Axiomatic: Short Stories of Science Fiction
Axiomatic is a wonderful collection of eighteen short stories by Hugo Award–winning author Greg Egan. The stories in this collection have appeared in such science fiction magazines as Interzone and Asimov’s between 1989 and 1992.
From junkies who drink at the time-stream to love affairs in time-reversed galaxies; from gene-altered dolphins that converse only in limericks to the program that allows you to design your own child; from the brain implants called axiomatics to the strange attractors that spin off new religions; from bioengineering to the new physics; and from cyberpunk to the electronic frontier, Greg Egan’s future is frighteningly close to our own present.
Included in this collection are such wonderful stories as:
“The Safe-Deposit Box”
And many more!
Axiomatic is the perfect collection for any science fiction fan, especially one who enjoys Greg Egan’s work. The stories are imaginative and insightful, and written only the way that Greg Egan can do so.
Skyhorse Publishing, under our Night Shade and Talos imprints, is proud to publish a broad range of titles for readers interested in science fiction (space opera, time travel, hard SF, alien invasion, near-future dystopia), fantasy (grimdark, sword and sorcery, contemporary urban fantasy, steampunk, alternative history), and horror (zombies, vampires, and the occult and supernatural), and much more. While not every title we publish becomes a New York Times bestseller, a national bestseller, or a Hugo or Nebula award-winner, we are committed to publishing quality books from a diverse group of authors.
well in advance, and would survive the four-year term. Consistently, I suppose, the campaign was also among the most heated in recent memory, or short-term anticipation. The soon-to-be Opposition Leader never tired of listing the promises the new Prime Minister would break; she in turn countered with statistics of the mess he’d create as Treasurer, in the mid-eighties. (The causes of that impending recession were still being debated by economists; most claimed it was an ‘essential precursor’
those ‘miracle-cure’ diets will simply make you sick; the charlatans selling them ought to be in prison.” I nodded fervent agreement to that, and felt myself flush with anger. Fraudulent cures had long been my bê te noir—although now, for the first time, I could almost understand why other Monte Carlo victims paid good money for such things: crackpot diets, meditation schemes, aroma therapy, self-hypnosis tapes, you name it. The people who peddled that garbage were the worst kind of cynical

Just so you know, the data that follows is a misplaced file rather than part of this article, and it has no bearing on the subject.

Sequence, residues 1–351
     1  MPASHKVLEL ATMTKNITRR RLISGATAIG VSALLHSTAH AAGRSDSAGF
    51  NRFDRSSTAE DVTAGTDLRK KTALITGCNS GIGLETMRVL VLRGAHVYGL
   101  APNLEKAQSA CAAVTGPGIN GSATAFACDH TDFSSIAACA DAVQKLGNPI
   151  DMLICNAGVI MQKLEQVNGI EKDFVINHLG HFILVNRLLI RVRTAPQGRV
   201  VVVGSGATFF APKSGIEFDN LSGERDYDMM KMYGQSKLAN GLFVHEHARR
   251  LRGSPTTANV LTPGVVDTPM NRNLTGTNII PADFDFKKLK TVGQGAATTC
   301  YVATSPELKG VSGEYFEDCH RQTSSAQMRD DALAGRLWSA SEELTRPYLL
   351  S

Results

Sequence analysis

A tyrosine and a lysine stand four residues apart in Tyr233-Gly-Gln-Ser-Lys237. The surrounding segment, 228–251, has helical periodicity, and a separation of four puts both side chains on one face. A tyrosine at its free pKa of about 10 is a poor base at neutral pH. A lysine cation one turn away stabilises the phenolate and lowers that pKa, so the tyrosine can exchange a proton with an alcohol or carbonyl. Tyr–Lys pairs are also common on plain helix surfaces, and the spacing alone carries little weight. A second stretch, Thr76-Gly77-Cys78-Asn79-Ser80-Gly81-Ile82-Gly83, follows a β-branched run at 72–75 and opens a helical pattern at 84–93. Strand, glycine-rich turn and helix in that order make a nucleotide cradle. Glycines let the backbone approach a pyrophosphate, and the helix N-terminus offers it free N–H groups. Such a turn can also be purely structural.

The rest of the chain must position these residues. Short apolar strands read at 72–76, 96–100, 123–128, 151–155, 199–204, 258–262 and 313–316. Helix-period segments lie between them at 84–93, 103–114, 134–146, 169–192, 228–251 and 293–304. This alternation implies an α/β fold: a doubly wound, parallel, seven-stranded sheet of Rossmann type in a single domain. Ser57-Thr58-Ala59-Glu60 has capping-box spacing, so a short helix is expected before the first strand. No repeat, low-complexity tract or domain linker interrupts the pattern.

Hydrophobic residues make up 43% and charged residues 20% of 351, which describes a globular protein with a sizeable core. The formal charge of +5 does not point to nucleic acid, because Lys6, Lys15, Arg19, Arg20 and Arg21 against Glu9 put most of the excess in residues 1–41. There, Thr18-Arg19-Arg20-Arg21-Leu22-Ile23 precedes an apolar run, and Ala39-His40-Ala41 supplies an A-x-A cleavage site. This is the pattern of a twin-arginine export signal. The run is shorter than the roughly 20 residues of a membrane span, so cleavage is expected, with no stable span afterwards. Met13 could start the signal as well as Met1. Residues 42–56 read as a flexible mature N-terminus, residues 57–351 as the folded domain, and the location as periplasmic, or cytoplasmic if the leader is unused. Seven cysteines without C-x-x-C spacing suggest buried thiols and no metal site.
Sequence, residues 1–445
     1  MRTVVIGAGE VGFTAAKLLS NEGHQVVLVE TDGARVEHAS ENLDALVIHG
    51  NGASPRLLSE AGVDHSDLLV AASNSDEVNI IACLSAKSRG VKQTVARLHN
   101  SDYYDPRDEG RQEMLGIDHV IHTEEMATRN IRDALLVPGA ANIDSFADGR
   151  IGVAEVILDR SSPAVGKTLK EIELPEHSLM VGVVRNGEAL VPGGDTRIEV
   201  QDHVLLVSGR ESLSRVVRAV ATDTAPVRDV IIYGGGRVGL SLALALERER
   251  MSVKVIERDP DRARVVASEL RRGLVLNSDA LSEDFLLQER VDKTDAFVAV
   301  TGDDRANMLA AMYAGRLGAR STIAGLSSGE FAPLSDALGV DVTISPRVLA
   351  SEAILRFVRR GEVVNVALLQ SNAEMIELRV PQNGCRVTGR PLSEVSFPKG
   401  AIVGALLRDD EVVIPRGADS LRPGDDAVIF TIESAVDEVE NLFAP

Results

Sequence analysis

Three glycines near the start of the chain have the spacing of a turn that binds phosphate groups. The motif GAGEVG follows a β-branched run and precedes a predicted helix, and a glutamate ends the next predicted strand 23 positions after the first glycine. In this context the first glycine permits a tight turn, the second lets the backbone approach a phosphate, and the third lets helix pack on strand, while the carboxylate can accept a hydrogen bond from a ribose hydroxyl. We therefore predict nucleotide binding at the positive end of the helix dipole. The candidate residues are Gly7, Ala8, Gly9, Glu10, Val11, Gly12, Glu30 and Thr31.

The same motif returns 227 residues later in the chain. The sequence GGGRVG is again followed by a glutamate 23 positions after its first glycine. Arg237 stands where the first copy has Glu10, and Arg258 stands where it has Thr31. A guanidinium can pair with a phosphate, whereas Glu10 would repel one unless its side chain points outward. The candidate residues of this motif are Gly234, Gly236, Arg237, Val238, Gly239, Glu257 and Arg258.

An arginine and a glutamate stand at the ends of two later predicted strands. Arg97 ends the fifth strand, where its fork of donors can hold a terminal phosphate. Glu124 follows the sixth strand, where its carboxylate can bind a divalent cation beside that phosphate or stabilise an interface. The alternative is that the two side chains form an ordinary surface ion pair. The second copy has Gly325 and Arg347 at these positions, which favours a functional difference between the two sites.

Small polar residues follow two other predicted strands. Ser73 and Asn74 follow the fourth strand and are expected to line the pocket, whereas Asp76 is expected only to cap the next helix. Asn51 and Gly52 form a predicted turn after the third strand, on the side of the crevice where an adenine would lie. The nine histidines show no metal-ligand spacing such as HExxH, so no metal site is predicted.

‘Carver. Mark.’ He reached under the counter and emerged with a parcel, mercifully already wrapped in anonymous brown. I paid in cash, I’d brought the exact change: $399.95. It was all over in twenty seconds. I left the store, sick with relief, triumphant, exhausted. At least I’d finally bought the fucking thing; it was in my hands now, no one else was involved, and all I had to do was decide whether or not to use it. After walking a few blocks towards the train station, I tossed the
was one of uneasy fascination, as if she was gazing at something hypnotic, compelling — and deeply troubling. I frowned. ‘It’s you, isn’t it? A self-portrait?’ It had taken me a while to spot the resemblance, and even then, I wasn’t sure. But Loraine said, ‘Yes, it’s me.’ ‘Am I allowed to ask what you’re looking at?’ She shrugged. ‘Hard to say. The work in progress? Maybe it’s a portrait of the artist caught in the act of self-portraiture.’ ‘You should try working with a camera and
and incorruptible — in which case, I’m simply going to have to overpower him. I may have led a sedentary existence, but I’m less than half his age; that has to count for something. At the very least, I must be faster on my feet. Overpower him? Struggle with a loaded gun? Maybe I won’t have to; maybe I’ll get a chance to run. Carter says, ‘Don’t waste your time trying to think up ways to bargain with me. It’s not going to happen. You’d be better off thinking of ways to accept the inevitable.’